Operational historyEdit

On 28 October 2016, Russian Helicopters presented a civilian version of the Ansat, becaming the initial launch customer of the variant.[11] Previously, the Russian Defence Ministry placed an order for 50 Ansat-U military helicopers for the Russian Air Force.

On 6 December 2017, Russian Helicopters signed a contract with State Transport Leasing Company (GTLK) for supply of 31 medical helicopters, including 12 Ansat equipped with medical modules.[12] All the helicopters were delivered in 2018.[13]

During the Hydroaviasalon-2018 exhibition, subsidiaries of Rostec State Corporation — Russian Helicopters, National Service of Medical Aviation and Avia Capital Services LLC — signed a contract to supply 104 Ansat and 46 Mi-8AMT medically equipped helicopters.[14]

Russian Helicopters inked a contract for supply of 20 Ansat helicopters to the China Association of Emergency Medicine at the Airshow China 2018 exhibition.[15]

Until 2020, Syzran Higher Military Aviation School, a military academy of the Russian Air Force, will receive 30 Ansat-U military helicopters, upgraded to a new standard.[16]


Flying laboratory Kazan Ansat-O
Kazan Ansat-U of the Russian Air Force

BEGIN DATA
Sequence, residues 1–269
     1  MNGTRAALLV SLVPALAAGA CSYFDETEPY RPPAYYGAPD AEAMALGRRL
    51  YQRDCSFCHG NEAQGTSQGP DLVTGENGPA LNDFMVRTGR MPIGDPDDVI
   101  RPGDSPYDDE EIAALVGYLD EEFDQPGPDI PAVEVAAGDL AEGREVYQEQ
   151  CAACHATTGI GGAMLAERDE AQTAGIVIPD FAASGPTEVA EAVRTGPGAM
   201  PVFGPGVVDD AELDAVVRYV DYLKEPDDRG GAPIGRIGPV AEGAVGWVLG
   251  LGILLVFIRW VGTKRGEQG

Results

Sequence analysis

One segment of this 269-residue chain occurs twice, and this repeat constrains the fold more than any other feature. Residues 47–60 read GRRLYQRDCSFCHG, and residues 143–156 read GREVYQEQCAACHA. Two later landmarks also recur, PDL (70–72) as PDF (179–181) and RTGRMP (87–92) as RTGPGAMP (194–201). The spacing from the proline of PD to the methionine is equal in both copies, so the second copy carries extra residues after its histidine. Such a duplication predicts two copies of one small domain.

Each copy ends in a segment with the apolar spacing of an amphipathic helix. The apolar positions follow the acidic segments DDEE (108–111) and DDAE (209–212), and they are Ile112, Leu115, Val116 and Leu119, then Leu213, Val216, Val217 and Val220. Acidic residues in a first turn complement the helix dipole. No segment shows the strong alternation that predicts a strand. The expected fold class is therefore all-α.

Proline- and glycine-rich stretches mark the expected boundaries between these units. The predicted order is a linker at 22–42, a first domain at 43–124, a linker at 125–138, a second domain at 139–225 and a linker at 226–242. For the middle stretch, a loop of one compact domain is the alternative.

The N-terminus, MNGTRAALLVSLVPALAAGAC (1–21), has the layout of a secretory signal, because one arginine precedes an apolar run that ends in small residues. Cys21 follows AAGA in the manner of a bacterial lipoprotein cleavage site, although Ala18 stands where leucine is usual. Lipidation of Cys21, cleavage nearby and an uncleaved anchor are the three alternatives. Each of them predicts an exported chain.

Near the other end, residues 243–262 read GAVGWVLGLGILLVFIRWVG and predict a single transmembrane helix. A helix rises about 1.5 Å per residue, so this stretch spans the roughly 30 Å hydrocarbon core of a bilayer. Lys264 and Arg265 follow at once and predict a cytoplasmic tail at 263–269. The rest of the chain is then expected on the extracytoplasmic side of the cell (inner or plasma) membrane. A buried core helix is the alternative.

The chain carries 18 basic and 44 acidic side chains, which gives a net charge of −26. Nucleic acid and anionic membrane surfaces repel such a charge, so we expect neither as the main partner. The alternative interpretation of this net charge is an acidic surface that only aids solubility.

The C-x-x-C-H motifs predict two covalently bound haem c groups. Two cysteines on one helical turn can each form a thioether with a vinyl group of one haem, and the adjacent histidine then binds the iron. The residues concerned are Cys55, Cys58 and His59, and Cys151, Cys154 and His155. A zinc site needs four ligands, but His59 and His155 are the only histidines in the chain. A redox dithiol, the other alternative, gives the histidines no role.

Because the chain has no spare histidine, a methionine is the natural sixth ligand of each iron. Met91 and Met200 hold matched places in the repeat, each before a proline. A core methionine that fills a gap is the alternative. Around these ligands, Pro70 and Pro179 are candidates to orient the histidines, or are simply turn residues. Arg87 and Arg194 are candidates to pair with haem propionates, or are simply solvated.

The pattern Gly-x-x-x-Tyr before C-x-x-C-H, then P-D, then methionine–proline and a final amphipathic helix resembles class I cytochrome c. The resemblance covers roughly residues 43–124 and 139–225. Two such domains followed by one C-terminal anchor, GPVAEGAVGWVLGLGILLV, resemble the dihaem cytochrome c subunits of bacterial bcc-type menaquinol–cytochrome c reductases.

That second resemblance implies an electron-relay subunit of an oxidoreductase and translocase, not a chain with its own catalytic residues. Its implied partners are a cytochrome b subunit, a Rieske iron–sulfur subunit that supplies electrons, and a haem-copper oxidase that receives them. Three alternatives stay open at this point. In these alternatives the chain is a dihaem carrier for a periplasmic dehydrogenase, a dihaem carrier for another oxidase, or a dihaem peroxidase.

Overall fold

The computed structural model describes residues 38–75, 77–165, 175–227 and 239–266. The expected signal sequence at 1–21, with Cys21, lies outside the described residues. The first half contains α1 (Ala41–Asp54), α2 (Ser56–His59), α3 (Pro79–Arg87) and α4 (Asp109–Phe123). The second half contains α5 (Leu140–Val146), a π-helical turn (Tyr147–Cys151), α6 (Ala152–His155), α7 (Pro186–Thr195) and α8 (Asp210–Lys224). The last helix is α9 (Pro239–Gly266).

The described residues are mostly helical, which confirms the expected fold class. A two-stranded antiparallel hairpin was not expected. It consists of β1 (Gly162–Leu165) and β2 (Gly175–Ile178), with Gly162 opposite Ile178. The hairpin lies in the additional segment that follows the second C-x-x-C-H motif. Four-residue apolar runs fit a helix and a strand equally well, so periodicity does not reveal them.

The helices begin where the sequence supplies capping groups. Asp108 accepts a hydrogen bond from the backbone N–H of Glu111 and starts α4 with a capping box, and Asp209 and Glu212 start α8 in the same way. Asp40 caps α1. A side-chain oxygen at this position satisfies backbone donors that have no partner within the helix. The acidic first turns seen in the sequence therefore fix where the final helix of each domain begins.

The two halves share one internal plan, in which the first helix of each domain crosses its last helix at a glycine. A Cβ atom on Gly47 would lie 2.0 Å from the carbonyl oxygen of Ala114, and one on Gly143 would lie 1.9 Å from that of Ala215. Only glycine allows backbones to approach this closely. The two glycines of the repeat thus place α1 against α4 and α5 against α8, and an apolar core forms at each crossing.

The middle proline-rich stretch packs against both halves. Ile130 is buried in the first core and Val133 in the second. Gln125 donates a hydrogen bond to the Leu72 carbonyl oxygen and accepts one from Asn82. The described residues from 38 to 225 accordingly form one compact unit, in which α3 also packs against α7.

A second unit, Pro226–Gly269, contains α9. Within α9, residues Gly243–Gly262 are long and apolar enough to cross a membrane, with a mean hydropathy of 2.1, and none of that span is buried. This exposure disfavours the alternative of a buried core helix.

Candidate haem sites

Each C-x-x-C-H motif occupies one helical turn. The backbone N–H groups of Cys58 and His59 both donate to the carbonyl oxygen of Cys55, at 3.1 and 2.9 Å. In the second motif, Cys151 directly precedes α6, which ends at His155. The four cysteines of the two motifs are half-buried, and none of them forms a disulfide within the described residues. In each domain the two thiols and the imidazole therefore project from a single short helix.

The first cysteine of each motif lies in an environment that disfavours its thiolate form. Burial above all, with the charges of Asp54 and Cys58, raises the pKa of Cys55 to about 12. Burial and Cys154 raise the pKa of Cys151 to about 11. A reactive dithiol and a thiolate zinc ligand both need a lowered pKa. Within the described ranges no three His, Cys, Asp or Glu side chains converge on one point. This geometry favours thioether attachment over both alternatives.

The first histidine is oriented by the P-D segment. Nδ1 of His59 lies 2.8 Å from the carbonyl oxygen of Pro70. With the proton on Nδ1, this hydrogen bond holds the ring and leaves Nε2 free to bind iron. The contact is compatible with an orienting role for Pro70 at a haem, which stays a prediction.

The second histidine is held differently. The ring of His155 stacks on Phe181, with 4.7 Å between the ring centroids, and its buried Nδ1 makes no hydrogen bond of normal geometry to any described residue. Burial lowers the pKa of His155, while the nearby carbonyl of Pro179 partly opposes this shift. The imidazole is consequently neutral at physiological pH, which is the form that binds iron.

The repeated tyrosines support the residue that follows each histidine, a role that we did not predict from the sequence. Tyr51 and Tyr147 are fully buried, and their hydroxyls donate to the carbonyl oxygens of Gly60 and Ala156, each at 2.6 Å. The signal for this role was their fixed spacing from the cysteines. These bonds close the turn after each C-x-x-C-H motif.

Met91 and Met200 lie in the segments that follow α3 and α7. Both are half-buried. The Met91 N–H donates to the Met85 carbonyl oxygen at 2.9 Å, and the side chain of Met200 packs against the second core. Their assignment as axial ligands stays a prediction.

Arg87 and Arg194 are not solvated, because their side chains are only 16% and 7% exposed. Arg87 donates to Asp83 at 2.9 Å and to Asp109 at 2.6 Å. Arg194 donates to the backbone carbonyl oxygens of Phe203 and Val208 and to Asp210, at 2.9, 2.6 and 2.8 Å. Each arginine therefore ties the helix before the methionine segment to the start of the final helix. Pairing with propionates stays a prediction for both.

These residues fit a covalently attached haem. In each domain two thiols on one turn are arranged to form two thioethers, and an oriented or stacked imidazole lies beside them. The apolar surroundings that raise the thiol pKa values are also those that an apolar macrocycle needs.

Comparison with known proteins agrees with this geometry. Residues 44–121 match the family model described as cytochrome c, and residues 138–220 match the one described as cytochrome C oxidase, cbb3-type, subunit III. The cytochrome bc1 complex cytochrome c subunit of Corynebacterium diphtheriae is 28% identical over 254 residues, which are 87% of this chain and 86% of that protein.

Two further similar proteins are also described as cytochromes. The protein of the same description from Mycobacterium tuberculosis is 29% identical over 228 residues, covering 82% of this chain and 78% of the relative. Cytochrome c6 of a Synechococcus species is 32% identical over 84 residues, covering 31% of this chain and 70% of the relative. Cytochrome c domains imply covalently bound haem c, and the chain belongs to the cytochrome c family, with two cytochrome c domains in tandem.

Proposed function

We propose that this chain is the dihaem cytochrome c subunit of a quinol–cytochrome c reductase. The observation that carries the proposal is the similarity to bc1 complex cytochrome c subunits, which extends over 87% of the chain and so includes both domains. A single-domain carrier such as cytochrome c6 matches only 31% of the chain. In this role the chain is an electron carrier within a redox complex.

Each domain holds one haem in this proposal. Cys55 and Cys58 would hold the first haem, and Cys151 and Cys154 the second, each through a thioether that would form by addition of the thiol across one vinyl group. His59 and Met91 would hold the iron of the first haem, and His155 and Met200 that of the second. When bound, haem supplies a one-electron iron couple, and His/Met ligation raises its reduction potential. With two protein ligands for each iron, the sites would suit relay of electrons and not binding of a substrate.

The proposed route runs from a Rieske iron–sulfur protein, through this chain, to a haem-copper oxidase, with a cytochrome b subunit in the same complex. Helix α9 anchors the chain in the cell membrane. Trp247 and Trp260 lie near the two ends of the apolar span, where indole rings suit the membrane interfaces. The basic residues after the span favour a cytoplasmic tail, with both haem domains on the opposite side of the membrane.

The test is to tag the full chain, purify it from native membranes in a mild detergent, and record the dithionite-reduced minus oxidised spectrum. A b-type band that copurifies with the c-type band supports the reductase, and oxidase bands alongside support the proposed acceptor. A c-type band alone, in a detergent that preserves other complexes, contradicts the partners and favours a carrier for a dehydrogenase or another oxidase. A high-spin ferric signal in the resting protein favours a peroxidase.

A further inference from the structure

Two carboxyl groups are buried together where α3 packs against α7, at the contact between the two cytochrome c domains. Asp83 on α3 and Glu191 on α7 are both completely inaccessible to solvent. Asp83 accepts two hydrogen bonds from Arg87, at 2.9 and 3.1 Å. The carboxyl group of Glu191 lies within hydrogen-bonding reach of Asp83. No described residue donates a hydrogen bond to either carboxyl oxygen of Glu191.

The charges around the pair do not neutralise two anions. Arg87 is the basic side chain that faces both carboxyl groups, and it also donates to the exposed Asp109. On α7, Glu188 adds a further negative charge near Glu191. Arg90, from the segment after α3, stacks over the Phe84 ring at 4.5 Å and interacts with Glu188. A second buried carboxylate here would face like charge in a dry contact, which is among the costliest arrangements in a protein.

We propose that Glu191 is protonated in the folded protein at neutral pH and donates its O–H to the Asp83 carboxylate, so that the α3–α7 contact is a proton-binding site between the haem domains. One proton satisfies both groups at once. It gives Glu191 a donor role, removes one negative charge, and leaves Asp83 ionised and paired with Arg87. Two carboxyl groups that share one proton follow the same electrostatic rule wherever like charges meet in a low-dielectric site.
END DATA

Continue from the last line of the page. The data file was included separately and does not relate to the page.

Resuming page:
Basic version, 2 prototypes built.
Air ambulance for two stretchers.
Flying laboratory for testing of avionic equipment for naval helicopters.
Special military-training version with three-wheel chassis and double-winged cargo doors.
Military medevac for 4 stretchers.
Version certified only for cargo transport.
Version with hydro-mechanical control system KSU-A instead of the fly-by-wire control system.

Kazan Ansat derivativesEdit

Kazan Ansat-2RC at MAKS-2007
Kazan Ansat-2RC
Derived from the civilian version and equipped with a 12.7mm (0.5 inch) machine gun above the front skid support, as well as four hardpoints spread across two stub wings. The company has already displayed the helicopter carrying a mixture of rocket launcher tubes, bombs and anti-aircraft missiles.[17]


  People's Republic of China


Data from Jane's All The World's Aircraft 2003–2004,[2] Russian Helicopters[22]

General characteristics

  • Crew: 1–2
  • Capacity:
    • 7–8 passengers
    • 2 stretchers and 3 attendants
    • Internally 1,234 kg (2,721 lb)
  • Length: 13.76 (45.1 ft)
  • Rotor diameter: 11.5 m (38 ft)
  • Height: 3.4 m (11 ft)
  • Disc area: 103.87 m² (1,118.0 sq ft)
  • Empty weight: 1,900 kg (4,200 lb)
  • Loaded weight: 3,000 kg (6,600 lb)
  • Max. takeoff weight: 3,600 kg (7,900 lb)
  • Powerplant: 2 × Pratt & Whitney Canada PW207K turboshaft, 630 HP (470 kW) each


See alsoEdit

Aircraft of comparable role, configuration and era


  1. ^ Mladenov 2016, pp. 79–80.